When someone says “SDRAM” they might mean one of two things. It could be be referring to SDR SDRAM (also known as legacy SDRAM) or DDR SDRAM. If this sounds confusing, don’t worry, we’ll clear it up in this article.
SDR SDRAM, like it’s younger cousin DDR SDRAM and even the most modern version DDR5, are a type of computer memory know as DRAM.
The idea of DRAM is to allow random access semiconductor memory to store every bit of data in a memory cell. The research for this design dates back all the way to the 1940s with the invention of The Williams Kilburn Tube.
SDR SDRAM was the standard from the 1970s through the early 1990s. SDR SDRAM integrated circuits were a revolution at the time because they allowed the memory circuit to synchronize with the externally supplied clock signal from the CPU. This means that the CPU and the RAM chip could now work without having to wait for each process to finish. The standard helped create the JEDEC, which is currently responsible for coordinating microchip processing standards.
What’s the Difference between SDR SDRAM and DDR SDRAM?
The first big difference between SDR SDRAM and DDR SDRAM is that the SDR version does a single write per cycle while DDR does two writes. In fact, the DDR stands for Double Data Rate. The reason it can do this is that clock cycles have two parts; the leading edge and the trailing edge. Legacy SDRAM only wrote to the leading edge. Because DDR writes both during the leading and trailing edge, if the frequency, latency, clock rate and cycle time were the same, DDR would be twice as fast. But DDR is more than just twice as fast. This is because DDR SDRAM is generally created at higher frequencies which make the first generation of DDR over 3x faster than the last generation of SDR SDRAM.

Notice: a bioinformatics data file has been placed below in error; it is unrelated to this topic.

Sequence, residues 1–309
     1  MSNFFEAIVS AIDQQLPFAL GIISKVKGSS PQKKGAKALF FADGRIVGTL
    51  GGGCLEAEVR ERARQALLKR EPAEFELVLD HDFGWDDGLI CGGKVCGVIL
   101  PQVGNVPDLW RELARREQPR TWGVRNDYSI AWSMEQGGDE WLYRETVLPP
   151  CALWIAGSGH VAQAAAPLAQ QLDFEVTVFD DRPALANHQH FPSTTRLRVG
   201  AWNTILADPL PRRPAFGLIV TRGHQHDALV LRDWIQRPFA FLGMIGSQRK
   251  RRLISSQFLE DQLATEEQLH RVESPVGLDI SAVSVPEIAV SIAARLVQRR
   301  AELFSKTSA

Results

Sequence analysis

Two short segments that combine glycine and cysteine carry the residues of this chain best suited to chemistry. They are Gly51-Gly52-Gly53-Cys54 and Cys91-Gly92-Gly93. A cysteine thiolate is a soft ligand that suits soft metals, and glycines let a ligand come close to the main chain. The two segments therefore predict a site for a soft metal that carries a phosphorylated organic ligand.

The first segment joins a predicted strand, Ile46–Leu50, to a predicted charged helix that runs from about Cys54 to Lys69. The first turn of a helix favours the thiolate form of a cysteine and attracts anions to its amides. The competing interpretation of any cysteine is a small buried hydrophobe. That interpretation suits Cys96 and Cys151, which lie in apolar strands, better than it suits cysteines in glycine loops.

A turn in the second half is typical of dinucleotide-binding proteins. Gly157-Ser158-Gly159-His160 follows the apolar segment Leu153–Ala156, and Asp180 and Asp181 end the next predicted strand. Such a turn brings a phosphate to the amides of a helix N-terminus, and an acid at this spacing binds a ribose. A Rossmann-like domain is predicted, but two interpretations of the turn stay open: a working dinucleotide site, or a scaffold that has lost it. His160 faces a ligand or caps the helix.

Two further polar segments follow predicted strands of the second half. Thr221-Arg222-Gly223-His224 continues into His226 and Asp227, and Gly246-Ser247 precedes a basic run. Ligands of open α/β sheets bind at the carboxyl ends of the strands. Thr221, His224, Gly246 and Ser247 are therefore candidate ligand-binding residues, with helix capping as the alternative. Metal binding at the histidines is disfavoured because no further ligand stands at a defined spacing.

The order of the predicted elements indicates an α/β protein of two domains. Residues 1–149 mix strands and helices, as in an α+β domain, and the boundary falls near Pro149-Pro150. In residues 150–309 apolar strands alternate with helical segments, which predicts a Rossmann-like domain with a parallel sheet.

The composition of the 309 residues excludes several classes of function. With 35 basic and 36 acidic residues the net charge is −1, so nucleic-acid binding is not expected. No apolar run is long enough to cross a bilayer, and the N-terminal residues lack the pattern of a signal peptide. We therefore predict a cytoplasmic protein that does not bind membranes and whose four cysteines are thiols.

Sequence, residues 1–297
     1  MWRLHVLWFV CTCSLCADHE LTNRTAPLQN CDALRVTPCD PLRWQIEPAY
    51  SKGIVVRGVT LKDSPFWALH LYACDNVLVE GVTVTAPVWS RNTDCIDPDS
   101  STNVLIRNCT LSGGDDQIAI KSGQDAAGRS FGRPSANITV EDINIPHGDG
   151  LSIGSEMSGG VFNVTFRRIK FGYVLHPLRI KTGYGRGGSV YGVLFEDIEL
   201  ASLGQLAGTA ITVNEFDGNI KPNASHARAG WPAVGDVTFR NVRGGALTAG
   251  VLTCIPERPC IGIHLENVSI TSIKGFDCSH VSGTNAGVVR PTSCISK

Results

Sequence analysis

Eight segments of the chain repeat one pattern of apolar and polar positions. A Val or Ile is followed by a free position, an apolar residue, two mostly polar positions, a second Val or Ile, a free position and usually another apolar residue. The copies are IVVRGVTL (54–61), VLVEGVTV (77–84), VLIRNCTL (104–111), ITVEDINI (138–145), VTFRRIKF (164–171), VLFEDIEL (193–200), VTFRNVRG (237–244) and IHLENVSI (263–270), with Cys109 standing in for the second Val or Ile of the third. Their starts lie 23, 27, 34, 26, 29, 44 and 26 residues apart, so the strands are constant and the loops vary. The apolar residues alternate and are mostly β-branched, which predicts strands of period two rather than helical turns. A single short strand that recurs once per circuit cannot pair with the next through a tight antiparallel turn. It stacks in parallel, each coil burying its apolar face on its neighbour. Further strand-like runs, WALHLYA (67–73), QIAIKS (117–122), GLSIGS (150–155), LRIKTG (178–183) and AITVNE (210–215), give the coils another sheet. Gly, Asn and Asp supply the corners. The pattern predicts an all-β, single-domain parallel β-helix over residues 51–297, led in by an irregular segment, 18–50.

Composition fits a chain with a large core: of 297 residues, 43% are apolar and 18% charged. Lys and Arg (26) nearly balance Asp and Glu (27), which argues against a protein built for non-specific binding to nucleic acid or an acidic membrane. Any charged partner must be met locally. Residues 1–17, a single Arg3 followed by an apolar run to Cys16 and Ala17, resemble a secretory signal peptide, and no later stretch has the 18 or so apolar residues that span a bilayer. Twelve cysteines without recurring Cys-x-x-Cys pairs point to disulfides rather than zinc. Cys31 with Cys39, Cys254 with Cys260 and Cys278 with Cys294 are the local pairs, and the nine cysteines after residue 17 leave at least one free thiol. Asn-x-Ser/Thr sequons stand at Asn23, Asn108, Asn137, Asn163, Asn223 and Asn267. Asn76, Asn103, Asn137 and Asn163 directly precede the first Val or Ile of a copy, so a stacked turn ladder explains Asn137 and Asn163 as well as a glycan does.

Another big part of the development of SDR vs DDR is the voltage.
Chip Voltage and It’s Effects
Legacy SDR generally ran at 3.3 Volts while DDR SDRAM runs at 2.6 V and the latest version of DDR, DDR5 runs at 1.1 Volts. This gives chip manufacturers a huge advantage in heat dissipation. When clocking computer chips, heat is a big limiter of how far you can push the envelope. By having lower voltage chips, chip manufacturers can take advantage of the chips capacity without as much worry about producing heat which can hurt the chip and reduce the efficiency of the flow of electricity.
Chip Frequency and Speed
Legacy SDR was created at a time when chip frequency was in the 66MHz to 133MHz range. When DDR technology was create the first DDR computer memory chips had a frequency of 200MHz with the highest level gen 1 DDR version reaching up to 400MHz. Another interesting change as the number of pins. The old chips had only 168-pin DIMM modules, while the newer ones accommodated more portable devises by integrating not only DIMM buffered modules but also SODIMM and even MicroDIMM. Interesting enough the latest iteration of the DDR ram chips, DDR5, are specifically geared toward portable devises and therefore are SODIMM focused first. This is a giant transition away from Desktop and Server focused chip development that dominated in the past.